Arlington, Va. (June
2012) - Coal-fired power plants are at a crossroads, according to a
Bloomberg BNA analysis looking at the future of coal as a source of energy that appears as
a five-part series in Daily Environment Report June 25-29.
Electric utilities are facing economic and regulatory pressures that make it
nearly impossible for some of the oldest coal plants to continue operating, and
it remains an open question whether any new coal-fired units will be built,
Bloomberg BNA reports.
The pressure is coming from the domestic boom in
low-cost natural gas tied to hydraulic fracturing and from a series of
environmental regulations that will require coal-fired utilities to make
substantial investments in pollution controls.
The series, which also
will run in Daily Report for Executives, World Climate Change
Report, and Environment Reporter, looks at the state of
coal-fired power plants, the economic and regulatory influences on the power
sector, and the future for coal.
Monday: Low natural gas
prices are putting pressure on coal-fired plants to retire, and the trend is
accelerating due to EPA rules.
Tuesday: Natural gas
plants are expected to increase their contribution to the energy mix, as older
coal-fired plants retire, and utilities face the prospect of installing
expensive controls at plants that remain.
Limitations of current technology will make it nearly impossible for new
coal-fired power plants to meet EPA's mercury and air toxics standards and the
proposed greenhouse gas standards, experts say.
Thursday: A battle is brewing in the Pacific Northwest
between community and environmental groups and coal companies eager to
capitalize on Asia's hunger for energy.
Friday: If there
is a true bright spot for coal in the future, it lies in Asia, where U.S.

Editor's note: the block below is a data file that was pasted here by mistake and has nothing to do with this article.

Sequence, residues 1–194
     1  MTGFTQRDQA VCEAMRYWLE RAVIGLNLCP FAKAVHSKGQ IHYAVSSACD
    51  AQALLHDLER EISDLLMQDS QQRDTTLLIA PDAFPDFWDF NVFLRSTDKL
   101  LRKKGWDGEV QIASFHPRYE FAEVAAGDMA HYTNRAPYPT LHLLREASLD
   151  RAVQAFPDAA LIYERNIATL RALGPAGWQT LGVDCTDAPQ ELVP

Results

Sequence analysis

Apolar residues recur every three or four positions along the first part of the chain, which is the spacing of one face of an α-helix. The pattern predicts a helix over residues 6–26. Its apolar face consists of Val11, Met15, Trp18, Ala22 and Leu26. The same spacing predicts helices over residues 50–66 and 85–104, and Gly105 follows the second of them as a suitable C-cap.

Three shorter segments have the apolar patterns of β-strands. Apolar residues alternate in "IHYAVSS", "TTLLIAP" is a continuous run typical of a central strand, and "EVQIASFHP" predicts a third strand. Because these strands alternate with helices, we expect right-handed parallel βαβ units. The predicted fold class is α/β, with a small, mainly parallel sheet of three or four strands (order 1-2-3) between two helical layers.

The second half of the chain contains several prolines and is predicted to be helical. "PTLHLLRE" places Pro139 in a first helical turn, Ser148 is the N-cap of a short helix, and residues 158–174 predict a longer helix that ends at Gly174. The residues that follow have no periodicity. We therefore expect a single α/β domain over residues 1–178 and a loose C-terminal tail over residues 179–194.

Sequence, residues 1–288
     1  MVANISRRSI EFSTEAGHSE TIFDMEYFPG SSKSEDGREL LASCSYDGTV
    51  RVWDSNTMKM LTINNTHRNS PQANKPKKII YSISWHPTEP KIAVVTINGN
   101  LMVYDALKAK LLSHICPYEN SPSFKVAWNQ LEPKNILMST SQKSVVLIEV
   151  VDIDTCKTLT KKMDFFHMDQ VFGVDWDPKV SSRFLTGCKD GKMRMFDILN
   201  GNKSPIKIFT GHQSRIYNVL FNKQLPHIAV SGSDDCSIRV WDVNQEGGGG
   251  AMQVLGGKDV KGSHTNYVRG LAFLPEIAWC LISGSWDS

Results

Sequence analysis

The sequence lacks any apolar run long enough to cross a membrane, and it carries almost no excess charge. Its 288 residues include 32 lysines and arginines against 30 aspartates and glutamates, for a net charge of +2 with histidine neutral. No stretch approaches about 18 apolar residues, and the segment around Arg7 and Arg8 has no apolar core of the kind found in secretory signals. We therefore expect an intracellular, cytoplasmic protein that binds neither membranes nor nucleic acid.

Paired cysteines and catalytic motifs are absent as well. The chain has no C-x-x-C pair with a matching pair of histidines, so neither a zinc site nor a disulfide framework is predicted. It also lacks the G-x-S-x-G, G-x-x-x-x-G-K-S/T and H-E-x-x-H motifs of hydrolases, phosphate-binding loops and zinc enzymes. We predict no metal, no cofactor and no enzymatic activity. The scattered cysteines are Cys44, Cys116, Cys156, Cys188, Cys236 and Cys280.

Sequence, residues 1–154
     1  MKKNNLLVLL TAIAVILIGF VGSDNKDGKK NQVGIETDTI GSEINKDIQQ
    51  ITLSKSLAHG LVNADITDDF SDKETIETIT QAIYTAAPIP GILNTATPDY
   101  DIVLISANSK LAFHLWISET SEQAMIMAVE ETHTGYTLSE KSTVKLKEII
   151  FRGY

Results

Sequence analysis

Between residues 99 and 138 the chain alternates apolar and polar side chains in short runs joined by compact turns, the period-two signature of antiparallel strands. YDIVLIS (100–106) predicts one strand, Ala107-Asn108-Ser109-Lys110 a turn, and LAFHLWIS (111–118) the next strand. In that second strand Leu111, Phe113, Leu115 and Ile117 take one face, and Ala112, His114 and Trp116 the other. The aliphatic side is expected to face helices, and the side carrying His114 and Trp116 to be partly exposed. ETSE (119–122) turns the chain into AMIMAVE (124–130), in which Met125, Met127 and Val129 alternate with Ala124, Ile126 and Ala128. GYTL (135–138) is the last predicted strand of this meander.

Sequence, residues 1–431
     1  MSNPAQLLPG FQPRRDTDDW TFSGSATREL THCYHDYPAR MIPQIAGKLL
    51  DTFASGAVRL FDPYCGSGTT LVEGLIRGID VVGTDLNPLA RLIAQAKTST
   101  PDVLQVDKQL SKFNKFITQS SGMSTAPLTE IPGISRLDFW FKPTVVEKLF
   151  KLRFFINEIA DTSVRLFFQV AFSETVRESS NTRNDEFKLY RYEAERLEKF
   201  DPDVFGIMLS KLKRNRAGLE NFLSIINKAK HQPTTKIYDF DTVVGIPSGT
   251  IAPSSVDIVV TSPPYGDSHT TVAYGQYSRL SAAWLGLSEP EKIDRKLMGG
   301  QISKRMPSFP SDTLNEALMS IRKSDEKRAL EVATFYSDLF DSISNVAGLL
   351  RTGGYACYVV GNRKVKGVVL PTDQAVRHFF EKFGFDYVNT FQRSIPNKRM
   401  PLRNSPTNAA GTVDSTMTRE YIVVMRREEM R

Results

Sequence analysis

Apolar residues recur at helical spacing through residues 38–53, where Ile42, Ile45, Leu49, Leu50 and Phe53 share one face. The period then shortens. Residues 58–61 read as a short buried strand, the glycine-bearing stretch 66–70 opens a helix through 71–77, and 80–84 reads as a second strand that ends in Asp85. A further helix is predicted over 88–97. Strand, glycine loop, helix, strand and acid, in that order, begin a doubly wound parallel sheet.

forecasters estimate that China's coal use for power generation will more than
double by 2035.
The series was reported and written by Bloomberg BNA
staff reporters Andrew Childers and Jessica Coomes, staff correspondent Paul
Shukovsky in Seattle, and special correspondents Michael Standaert in Shenzhen,
China, and Madhur Singh in New Delhi. It is available directly from Bloomberg
BNA and on the Bloomberg Law legal research system and Bloomberg Professional
# # #
About Bloomberg BNA
BNA, a wholly owned subsidiary of Bloomberg, is a leading source of legal,
regulatory, and business information for professionals. Its network of more than
2,500 reporters, correspondents, and leading practitioners delivers expert
analysis, news, practice tools, and guidance - the information that matters most
to professionals. Bloomberg BNA's authoritative coverage spans the full range
of legal practice areas, including tax & accounting, labor & employment,
intellectual property, banking & securities, employee benefits, health care,
privacy & data security, human resources, and environment, health &